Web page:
Employers in North Carolina must give notice to the NC Industrial Commission within five days of becoming aware of a potentially covered death by filing a Form 19. Employers are also required to make efforts to identify potential beneficiaries and to file a Form 29 reporting their findings with the NC Industrial Commission within 45 days.

    An NC workers’ compensation death claim is separate from an injured employee’s own claim for workers’ compensation benefits.  So defenses that might defeat the employee’s claim, such as an employee’s failure to timely file his or her own claim, will not defeat a later-arising North Carolina workers’ compensation death claim filed by the employee’s family.

    The payment of benefits for a workers’ comp death claim in North Carolina should be made by the employer or its insurance company pursuant to Industrial Commission approval.  When there is a question as to who is entitled to benefits the employer or its insurance company, or any person claiming the death benefits should file a Form 33 Request for Hearing with the North Carolina Industrial Commission to request a determination of that issue.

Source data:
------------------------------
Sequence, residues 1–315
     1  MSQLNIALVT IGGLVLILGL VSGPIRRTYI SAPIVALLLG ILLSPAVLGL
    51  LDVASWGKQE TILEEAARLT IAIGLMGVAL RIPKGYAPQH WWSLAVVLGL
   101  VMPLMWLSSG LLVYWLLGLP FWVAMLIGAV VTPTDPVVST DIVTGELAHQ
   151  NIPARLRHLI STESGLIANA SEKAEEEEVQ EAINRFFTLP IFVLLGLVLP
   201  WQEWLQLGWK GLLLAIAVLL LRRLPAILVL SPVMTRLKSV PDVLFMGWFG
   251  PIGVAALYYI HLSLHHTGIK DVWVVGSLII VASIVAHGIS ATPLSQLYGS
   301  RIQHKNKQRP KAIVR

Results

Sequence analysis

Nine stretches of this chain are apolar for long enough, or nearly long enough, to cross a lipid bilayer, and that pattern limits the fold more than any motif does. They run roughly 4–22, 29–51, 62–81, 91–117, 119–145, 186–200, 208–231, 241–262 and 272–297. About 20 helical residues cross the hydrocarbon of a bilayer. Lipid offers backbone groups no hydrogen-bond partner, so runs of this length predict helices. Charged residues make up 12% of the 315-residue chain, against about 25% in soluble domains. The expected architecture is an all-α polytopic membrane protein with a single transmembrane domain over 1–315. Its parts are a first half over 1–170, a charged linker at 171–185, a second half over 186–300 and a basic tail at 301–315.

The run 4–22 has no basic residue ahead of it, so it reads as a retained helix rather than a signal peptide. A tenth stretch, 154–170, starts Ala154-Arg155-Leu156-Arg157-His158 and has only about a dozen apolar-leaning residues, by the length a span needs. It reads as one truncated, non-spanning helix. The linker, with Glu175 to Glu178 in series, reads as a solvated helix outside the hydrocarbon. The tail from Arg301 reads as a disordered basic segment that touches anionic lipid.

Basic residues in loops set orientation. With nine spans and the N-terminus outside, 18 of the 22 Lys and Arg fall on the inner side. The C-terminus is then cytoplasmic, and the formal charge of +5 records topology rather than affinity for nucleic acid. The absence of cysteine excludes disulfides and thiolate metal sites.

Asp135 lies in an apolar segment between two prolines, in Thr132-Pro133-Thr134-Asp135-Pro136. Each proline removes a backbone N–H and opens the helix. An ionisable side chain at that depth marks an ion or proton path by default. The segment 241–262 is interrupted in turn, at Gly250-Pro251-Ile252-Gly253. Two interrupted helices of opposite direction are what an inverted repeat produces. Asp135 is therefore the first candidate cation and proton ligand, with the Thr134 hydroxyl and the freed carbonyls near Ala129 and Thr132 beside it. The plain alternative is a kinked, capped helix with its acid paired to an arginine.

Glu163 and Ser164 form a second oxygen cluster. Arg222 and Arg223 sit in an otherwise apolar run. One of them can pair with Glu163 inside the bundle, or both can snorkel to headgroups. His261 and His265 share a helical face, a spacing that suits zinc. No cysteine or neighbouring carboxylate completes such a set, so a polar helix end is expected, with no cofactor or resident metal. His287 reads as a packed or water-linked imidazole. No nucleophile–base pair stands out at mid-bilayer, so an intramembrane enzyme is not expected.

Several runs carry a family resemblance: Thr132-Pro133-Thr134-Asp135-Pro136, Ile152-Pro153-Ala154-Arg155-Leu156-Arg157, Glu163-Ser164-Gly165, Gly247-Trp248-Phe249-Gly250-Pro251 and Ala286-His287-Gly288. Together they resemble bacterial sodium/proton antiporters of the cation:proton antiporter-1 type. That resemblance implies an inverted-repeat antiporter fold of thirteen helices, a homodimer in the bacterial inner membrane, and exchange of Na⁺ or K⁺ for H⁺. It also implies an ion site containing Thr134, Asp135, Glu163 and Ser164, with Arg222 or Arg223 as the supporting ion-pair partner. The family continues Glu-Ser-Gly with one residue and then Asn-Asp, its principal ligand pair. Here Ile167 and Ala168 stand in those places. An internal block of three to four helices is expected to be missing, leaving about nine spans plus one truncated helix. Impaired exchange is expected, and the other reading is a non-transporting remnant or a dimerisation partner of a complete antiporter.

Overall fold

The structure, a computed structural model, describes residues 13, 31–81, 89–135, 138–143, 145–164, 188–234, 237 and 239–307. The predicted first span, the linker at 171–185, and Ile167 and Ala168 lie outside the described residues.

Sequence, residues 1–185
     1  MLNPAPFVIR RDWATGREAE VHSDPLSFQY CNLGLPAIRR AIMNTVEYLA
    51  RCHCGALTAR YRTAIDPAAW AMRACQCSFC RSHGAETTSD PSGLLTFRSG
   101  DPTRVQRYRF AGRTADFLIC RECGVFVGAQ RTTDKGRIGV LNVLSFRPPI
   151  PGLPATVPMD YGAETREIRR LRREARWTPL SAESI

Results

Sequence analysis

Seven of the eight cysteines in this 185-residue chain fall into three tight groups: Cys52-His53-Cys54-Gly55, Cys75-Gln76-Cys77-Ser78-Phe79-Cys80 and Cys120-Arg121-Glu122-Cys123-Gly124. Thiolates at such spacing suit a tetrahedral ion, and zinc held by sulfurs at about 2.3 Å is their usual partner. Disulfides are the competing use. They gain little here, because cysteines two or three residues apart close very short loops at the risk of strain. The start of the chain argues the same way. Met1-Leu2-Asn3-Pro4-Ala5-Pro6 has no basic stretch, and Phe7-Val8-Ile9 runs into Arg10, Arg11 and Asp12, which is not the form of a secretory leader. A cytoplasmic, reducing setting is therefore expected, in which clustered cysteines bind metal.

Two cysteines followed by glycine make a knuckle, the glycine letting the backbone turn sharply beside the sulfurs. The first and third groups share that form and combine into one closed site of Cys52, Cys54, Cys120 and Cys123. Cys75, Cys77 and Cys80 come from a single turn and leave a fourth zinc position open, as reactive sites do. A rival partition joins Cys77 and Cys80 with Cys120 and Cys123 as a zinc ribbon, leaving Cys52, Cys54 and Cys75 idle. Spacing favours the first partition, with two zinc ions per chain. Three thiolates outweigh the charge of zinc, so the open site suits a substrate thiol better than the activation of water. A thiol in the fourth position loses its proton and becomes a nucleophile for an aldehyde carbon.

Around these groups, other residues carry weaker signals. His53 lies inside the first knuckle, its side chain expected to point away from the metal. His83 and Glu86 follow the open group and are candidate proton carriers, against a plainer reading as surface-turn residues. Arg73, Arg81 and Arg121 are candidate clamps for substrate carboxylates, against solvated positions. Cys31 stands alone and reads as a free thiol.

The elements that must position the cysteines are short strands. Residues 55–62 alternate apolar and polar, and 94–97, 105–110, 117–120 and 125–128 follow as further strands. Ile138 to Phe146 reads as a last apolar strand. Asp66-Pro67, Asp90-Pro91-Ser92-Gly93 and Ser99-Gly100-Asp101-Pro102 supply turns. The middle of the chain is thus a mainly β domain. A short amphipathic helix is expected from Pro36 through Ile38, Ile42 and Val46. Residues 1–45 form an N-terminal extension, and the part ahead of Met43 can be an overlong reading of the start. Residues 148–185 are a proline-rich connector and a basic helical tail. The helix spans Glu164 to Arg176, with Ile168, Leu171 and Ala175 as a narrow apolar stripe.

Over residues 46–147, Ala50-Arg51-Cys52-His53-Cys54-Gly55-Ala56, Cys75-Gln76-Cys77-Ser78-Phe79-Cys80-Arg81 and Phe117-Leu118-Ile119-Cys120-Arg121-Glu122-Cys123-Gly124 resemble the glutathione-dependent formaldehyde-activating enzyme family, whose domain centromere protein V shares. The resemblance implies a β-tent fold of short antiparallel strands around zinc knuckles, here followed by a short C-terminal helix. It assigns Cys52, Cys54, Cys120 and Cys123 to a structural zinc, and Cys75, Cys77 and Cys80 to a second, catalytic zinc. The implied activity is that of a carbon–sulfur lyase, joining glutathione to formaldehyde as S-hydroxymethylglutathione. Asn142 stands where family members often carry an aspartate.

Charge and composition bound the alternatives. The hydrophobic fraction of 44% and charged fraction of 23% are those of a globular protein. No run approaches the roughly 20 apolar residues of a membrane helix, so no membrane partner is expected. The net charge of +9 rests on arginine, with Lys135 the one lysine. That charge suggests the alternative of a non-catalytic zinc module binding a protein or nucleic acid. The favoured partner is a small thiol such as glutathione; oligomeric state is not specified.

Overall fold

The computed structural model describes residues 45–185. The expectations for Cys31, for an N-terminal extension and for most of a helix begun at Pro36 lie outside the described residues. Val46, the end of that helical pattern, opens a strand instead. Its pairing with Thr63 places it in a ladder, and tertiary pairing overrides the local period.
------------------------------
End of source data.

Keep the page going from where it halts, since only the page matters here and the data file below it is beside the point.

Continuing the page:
Who receives the Benefits in a North Carolina Death Benefits Claim?

    The rules in determining who is entitled to receive NC workers’ compensation death benefits are difficult, complicated, and subject to numerous exceptions. Nonetheless, a few key principles are of note.

    If there are people who were “wholly dependent” on the deceased employee’s income, then those people share the death benefits equally, to the exclusion of everyone else.  When there is only one such person who is wholly dependent upon the deceased worker at the time of death, then that person takes all of the workers’ comp death benefits that are payable.  Otherwise, all “whole dependents” share the death benefits equally.